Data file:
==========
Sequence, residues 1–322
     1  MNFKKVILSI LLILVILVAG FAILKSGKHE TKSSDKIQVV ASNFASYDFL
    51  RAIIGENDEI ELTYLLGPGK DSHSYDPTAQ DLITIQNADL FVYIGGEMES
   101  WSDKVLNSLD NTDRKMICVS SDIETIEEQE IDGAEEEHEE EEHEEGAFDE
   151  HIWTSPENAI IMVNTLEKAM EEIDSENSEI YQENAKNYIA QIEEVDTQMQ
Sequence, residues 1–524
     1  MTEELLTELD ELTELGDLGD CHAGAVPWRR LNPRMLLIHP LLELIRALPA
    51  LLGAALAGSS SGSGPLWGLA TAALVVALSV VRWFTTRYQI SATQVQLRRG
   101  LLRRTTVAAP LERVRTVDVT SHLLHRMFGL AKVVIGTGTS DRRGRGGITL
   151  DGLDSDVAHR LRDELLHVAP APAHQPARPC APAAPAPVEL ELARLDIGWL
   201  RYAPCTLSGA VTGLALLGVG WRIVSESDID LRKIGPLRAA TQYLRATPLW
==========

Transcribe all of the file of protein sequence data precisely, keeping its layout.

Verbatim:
Sequence, residues 1–322
     1  MNFKKVILSI LLILVILVAG FAILKSGKHE TKSSDKIQVV ASNFASYDFL
    51  RAIIGENDEI ELTYLLGPGK DSHSYDPTAQ DLITIQNADL FVYIGGEMES
   101  WSDKVLNSLD NTDRKMICVS SDIETIEEQE IDGAEEEHEE EEHEEGAFDE
   151  HIWTSPENAI IMVNTLEKAM EEIDSENSEI YQENAKNYIA QIEEVDTQMQ
Sequence, residues 1–524
     1  MTEELLTELD ELTELGDLGD CHAGAVPWRR LNPRMLLIHP LLELIRALPA
    51  LLGAALAGSS SGSGPLWGLA TAALVVALSV VRWFTTRYQI SATQVQLRRG
   101  LLRRTTVAAP LERVRTVDVT SHLLHRMFGL AKVVIGTGTS DRRGRGGITL
   151  DGLDSDVAHR LRDELLHVAP APAHQPARPC APAAPAPVEL ELARLDIGWL
   201  RYAPCTLSGA VTGLALLGVG WRIVSESDID LRKIGPLRAA TQYLRATPLW